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School bus driver says smart kindergartners relentlessly questioned hijacker until he let them go

'In our safety meetings, we refer to our students as precious cargo,' the hero driver said. 'Our job and goal are to transport that precious cargo to and from school in a safe and timely manner.'

School bus driver says smart kindergartners relentlessly questioned hijacker until he let them go
Cover Image Source: Facebook/DrTeresa Holmes

Editor's note: This article was originally published on May 18, 2021. It has since been updated.

School bus driver Kenneth Corbin was honored as a hero by local South Carolina officials for keeping his cool during an armed hijacking on May 6, 2021. However, Corbin insists he was simply doing his job and that the real heroes are the 18 children who were on board the bus during the high-pressure encounter. According to ABC News, Corbin—who has been driving school buses for Richland School District Two for the last few years—was on his normal bus route on the day of the incident when a man ran onto the bus, pointed a rifle at him and ordered him to drive to the next town.

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Police believe the hijacker, a 23-year-old Army trainee named Jovan Collazo who was in his third week at Fort Jackson, was trying to get home to New Jersey. Speaking to Good Morning America, Corbin revealed that he initially pushed his hands out to signify to the man that he was not allowed on the bus. "I had to tell him that twice, and when I told him that, that's when he presented his weapon and told me to close the door and move and drive," he said. "It was just a matter of staying calm and following his instructions and thinking about the kids because I didn't want to do anything that would, you know, rile him to cause him to do something that would bring harm to the kids."

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"As we were traveling, I guess he realized there were several students on the bus -- kind of scattered throughout," Corbin, who was trained to handle a hostage situation, added. "He decided to move all the students up front so he could keep us all in close proximity, and when he did that, especially some of my kindergarteners, they started asking questions." The students, he said, asked if the man was a soldier, to which he "hesitantly answered 'yes.'"

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"They asked him, 'why are you doing this?' He never did have an answer for this one. They asked, was he going to hurt them? He said 'no.' They asked, 'are you going to hurt our bus driver?' He said, 'no. I'm going to put you off the bus,'" Corbin recounted. "He sensed more questions coming and I guess something clicked in his mind and he said, 'enough is enough already,' and he told me to 'stop the bus, and just get off.'"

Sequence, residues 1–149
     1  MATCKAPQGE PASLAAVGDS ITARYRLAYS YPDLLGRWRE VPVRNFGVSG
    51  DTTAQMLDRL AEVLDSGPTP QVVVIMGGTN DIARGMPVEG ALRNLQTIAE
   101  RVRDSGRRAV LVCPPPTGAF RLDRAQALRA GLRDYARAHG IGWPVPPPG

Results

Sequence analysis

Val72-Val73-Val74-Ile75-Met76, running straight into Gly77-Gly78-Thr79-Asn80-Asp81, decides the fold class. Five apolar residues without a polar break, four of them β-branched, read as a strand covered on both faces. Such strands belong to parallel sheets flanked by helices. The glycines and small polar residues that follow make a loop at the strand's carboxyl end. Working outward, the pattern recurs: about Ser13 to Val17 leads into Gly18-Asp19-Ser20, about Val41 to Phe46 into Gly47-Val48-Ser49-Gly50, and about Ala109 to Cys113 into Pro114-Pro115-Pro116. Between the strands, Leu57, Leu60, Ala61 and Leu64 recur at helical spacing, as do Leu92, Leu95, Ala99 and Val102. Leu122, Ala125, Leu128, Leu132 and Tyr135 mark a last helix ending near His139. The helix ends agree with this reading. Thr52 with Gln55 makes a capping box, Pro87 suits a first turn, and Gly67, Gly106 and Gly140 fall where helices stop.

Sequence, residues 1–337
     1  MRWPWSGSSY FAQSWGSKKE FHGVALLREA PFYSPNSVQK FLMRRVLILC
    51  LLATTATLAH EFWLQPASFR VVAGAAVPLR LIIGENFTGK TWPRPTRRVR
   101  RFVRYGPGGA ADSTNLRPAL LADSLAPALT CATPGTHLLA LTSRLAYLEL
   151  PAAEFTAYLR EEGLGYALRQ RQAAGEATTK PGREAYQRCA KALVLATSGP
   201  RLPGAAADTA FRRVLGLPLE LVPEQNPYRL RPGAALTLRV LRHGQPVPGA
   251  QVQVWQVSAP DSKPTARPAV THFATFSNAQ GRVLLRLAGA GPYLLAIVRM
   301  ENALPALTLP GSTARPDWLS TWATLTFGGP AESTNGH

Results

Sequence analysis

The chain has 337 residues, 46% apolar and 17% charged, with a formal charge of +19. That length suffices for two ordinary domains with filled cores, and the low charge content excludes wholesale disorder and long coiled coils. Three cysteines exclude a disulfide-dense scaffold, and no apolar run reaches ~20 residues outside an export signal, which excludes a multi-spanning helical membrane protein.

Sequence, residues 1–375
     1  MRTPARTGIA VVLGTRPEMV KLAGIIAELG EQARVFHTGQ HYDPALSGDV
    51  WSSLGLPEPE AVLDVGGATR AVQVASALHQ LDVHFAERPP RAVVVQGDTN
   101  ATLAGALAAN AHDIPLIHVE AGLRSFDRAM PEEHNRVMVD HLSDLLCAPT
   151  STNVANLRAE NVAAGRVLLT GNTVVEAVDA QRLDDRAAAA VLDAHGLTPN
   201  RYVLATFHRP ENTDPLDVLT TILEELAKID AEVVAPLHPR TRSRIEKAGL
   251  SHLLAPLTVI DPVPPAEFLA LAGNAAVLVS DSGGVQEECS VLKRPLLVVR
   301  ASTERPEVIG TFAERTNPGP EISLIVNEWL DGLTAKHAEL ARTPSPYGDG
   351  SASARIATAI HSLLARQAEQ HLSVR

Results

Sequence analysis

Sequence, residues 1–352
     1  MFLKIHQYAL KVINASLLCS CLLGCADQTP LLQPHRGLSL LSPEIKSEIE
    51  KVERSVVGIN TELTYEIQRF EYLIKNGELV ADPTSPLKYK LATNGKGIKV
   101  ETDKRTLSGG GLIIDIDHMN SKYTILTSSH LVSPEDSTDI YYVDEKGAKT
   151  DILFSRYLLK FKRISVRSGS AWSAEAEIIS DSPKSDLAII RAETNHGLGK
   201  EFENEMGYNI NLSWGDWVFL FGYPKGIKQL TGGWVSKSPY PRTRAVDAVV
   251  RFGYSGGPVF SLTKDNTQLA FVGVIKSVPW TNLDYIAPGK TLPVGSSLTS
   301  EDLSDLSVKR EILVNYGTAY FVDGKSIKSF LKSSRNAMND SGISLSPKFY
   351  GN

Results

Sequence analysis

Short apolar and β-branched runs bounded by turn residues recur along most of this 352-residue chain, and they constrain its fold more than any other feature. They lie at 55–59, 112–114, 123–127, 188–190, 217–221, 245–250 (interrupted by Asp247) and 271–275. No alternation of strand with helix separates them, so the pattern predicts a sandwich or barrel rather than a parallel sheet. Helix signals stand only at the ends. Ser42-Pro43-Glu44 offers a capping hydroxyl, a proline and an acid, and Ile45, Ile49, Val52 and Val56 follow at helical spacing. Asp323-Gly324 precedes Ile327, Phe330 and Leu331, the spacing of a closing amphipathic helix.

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"The kids were the ones that actually got the gentleman off of the bus and they pretty much had my back as much as my concerns were with them," he added. "At the end when they started questioning him, it seemed to have frustrated him because his main objective were to get to the next town, but I think we were only on the road about four miles and he just got frustrated with the questions and just told me to stop the bus and get off. All y'all get off now." Collazo later abandoned the bus and was arrested. He has been charged with 19 counts of kidnapping, among other charges.

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Corbin was recognized for his heroic efforts at a ceremony on May 14, 2021, where he was presented an S.C. Senate resolution by Democratic state Sen. Mia McLeod of Richland County and letters of appreciation from students in all 50 states, reports The State. Richland County Sheriff Leon Lott described Corbin as the picture of calm during the hijacking incident. "He kept his cool," he said. "He did not get excited. He did not get upset or get scared. He kept his voice at the same level. His mannerisms were the same and he did not overreact. You can tell the training he had kicked in and he was worried about those kids. He was in complete control, even though the guy was pointing a gun at him and giving him directions and stuff."

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When Corbin and the children got off the bus, he kept them close to him until authorities arrived, "almost like a mother hen with her chickens," the sheriff added. Meanwhile, Corbin thanked law enforcement and God at the event and said that the children were at the top of his mind. "In our safety meetings, we refer to our students as precious cargo," he said. "That was so evident on May 6. Our job and goal are to transport that precious cargo to and from school in a safe and timely manner. On May 6, it was very crucial that I perform my job to the highest degree possible. I emphasized to our parents that our drivers take that responsibility seriously."

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